Have you ever been curious what spinning weightless would feel like? Gravity is a film that explores momentum and distance with unusual veracity, brought to life by the same technical wizardry that made Alfonso Cuaron’s Children of Men stand out. You will spin, collide, and soundlessly eclipse your way through a screenplay tailored to showcase the problems and inefficiencies of being an oxygen gulping thermophile in a freezing vacuum. The technology on display will make you forget this is an attraction, at least until one of your tour guides opens their mouths. Gravity is foremost a geeky movie, engineered from a love of space.
The film wastes little time, establishing the dimensions and the rules at play with a cleverly edited long shot of a small crew repairing a satellite. This is the calm before the storm, the storm in this case being Kessler Syndrome. Unlike in the moody and character driven PLANETES, which dealt with similar issues, Gravity immediately slams into high alert following an accident that sends the crew into survival mode. Our characters are: a bodiless Houston ground control, the inexperienced astronaut played by Sandra Bullock, and the old hand stranded with her played by George Clooney. Both Bullock and Clooney are able to convey a surprising amount of character shading given the constraints.
Constraints are what this film is all about. Fuel, oxygen, momentum, and orbit are all hastily decaying. Space is unforgiving, vast, and unmalleable. In one scene Bullock survives a harrowing crash but is sent spinning out into blackness. We watched from a fix point as her tiny white bubble of existence drifts away from us and away from Earth, into onyx eternity. Other scenes respect the exaggeration of inertia and momentum in space. Down here in oxygen-ville, gravity and friction tend to bring everything to a halt. In space, there is no common dampening force, so when you push on something it pushes back equally. Gravity captures the difficulty of several death defying leaps, often resulting in careening into orbiting satellites desperately searching for a handhold less you bounce off into emptiness. Gravity even explores space-unique ideas of timing and location. Did something orbit past you? Wait around long enough and you’ll see it again. Now, it’s certainly true that what happens in Gravity is probably unrealistic in an absolute physics sense, but it doesn’t hurt immersion any more than disbelief that McClane could tape a gun to his sweaty back in Die Hard. Space and sci-fi do come under more intense skepticism than most genres, but after years of space explosions and computer lasers (and laser computers), Gravity stands out as a thoughtful exploration of physical realities in space.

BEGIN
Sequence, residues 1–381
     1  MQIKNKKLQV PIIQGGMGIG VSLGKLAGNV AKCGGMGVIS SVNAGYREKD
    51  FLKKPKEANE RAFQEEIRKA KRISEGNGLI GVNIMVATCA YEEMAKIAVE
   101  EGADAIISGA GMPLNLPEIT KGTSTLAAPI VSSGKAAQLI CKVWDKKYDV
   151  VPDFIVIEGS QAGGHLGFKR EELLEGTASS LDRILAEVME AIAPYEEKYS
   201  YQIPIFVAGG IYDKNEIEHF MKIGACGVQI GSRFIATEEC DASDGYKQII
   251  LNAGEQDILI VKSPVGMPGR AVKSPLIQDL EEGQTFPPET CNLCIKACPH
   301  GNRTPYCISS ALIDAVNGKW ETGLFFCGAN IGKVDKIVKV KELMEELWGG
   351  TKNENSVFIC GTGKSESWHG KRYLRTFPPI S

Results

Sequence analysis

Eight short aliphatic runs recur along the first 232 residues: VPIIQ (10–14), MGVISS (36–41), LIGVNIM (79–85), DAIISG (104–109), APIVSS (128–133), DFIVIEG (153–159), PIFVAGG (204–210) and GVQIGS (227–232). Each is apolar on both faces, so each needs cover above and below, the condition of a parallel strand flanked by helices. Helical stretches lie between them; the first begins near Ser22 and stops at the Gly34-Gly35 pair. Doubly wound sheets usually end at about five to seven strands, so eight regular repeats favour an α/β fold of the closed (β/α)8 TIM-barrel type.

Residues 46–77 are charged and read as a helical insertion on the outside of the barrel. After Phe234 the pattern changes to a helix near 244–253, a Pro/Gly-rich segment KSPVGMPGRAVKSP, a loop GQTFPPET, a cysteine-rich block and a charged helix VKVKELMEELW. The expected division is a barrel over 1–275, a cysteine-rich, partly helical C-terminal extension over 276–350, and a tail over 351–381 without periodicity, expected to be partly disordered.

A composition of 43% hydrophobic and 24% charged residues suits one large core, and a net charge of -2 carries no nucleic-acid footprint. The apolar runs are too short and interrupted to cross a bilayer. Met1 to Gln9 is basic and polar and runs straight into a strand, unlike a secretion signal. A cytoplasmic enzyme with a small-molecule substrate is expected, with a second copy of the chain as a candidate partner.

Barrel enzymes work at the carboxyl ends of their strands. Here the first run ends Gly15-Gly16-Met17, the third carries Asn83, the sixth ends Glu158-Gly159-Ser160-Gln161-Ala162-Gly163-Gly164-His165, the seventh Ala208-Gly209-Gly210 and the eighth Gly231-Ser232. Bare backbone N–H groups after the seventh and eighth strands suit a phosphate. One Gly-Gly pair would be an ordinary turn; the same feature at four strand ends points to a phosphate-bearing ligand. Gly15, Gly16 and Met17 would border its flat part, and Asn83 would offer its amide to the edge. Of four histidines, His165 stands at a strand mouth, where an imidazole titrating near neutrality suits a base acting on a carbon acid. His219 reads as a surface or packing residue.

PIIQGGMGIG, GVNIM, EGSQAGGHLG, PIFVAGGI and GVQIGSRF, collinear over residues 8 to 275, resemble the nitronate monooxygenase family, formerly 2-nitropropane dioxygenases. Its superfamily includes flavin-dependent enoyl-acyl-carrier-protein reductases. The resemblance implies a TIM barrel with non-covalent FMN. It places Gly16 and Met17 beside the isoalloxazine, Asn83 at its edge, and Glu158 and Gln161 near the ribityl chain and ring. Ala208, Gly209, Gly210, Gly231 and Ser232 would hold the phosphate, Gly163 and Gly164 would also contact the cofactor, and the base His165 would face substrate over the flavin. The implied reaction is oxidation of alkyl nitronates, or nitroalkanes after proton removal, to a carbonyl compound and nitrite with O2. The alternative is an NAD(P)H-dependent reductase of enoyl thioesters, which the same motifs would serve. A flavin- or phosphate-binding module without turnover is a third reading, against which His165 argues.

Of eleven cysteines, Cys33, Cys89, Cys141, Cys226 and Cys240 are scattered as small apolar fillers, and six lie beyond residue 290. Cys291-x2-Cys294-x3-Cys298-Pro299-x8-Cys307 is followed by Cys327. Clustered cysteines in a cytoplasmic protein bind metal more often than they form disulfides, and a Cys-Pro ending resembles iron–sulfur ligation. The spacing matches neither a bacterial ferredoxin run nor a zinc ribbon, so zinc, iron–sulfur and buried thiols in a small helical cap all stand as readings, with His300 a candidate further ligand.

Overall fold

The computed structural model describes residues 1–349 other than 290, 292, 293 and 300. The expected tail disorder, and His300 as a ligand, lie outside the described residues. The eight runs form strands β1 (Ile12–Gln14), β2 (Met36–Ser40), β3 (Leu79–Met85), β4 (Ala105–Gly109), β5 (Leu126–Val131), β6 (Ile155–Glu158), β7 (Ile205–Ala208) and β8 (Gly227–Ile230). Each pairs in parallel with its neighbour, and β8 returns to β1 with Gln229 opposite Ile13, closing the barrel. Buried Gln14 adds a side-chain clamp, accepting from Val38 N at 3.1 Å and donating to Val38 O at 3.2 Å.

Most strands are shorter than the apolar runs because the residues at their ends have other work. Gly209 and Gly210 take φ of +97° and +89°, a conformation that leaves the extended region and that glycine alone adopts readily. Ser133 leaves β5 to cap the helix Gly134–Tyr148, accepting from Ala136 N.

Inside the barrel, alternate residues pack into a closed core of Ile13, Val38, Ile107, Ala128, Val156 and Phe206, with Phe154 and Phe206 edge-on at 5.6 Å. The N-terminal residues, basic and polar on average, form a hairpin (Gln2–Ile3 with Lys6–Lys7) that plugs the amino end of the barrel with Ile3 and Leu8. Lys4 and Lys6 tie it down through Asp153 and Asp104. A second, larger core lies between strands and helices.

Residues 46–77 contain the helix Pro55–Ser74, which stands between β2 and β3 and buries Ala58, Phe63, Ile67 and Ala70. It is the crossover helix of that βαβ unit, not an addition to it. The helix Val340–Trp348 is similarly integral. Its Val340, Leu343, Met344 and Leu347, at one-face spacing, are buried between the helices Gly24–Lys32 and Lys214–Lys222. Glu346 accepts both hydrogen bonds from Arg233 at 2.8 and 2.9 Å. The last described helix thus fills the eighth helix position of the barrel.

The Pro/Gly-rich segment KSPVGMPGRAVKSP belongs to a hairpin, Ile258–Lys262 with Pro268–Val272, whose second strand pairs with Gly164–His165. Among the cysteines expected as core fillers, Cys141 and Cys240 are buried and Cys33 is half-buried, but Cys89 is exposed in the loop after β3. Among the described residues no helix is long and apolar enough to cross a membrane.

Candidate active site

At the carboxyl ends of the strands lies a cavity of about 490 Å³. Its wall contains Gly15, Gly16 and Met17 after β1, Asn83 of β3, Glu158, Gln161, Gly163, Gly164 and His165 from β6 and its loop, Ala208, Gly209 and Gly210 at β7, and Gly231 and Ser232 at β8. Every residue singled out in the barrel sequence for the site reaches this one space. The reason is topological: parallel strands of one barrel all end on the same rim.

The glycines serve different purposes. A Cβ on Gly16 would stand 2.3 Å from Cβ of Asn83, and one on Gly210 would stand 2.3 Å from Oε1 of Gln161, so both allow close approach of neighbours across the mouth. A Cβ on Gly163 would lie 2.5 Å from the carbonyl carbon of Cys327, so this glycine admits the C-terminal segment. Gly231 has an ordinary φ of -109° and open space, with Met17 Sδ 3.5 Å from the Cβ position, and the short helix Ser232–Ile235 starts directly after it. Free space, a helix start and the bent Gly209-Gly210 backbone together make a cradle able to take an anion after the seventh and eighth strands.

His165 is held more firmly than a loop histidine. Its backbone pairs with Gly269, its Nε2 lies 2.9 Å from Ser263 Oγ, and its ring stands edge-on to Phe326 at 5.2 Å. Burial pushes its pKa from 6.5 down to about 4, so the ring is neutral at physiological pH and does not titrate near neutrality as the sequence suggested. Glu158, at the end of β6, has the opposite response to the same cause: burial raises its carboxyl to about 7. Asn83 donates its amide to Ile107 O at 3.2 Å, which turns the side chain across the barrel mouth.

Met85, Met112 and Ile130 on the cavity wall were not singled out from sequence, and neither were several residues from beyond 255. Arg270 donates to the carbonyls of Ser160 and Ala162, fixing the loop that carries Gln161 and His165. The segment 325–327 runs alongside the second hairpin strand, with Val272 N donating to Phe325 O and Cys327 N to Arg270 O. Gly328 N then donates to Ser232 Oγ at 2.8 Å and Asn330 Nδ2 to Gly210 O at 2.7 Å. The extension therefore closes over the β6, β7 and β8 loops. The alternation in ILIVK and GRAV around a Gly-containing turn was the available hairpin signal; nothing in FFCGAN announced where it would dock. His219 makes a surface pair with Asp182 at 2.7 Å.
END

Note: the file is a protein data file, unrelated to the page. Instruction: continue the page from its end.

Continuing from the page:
Watching Gravity, you will be compelled into comparison to that other thoughtful high water mark of the genre, 2001. Especially during a particular fetal positioned breather. Unlike most sci-fi, Cuaron’s guidance has resulted in a movie that is slightly metaphysical. However, unlike 2001, the story is less important and more dramatic. While Bullock and Clooney are fine for their roles, the pathos they generate remains unconvincing. Clooney stays Western Saloon calm, and Bullock is all nervous breakdown from the word go. Additionally Cuaron wrote in Bullock’s backstory in an attempt to make her struggle more personal, but the effect is instead off-putting. It’s on-the-nose sentimental, making Bullock into a cypher of grief. That’s not to say these scenes are inappropriate. The maudlin sentiments could have crippled the film, especially in the middle, but Cuaron has some clever tricks to keep things moving and the dialogue is very economical. It’s just that Bullock’s pathos feels perfunctory to the whole ordeal, a red blinking sign in an otherwise subtle and quiet movie. It also forces a type of conclusion that, while apt to the proceedings, is exceedingly difficult to make satisfying. It feels as though the geek space movie was conceived and then received a Cuaron Philosophy graft.
That’s not to say that Cuaron should have left Socrates on the cutting room floor. I admire that Cuaron attempts to tackle a very large theme. It’s just that most of the events in Gravity are paced like a sleek thriller, down to its cold open DNA, and is not quite able to support the grandeur. Space certainly is fascinating, and just looking at our long history and struggle to even be there naturally brings up Cuaron’s questions about whether we even should be colonizing this violent and hostile nothingness, and what drives the people who do it. To the film’s credit, Cuaron states these questions very clearly and also communicates his ideas about them in a visually interesting way, using his skill as a filmmaker to frame shots as claustrophobic, hazy, or as open as the situation requires. Mostly though, Gravity is a fun story through space that seems to actually follow the rules that sci-fi loves to ignore. It’s a technical you-are-there feat that will have you flailing in your seat and planning the next jump for mankind.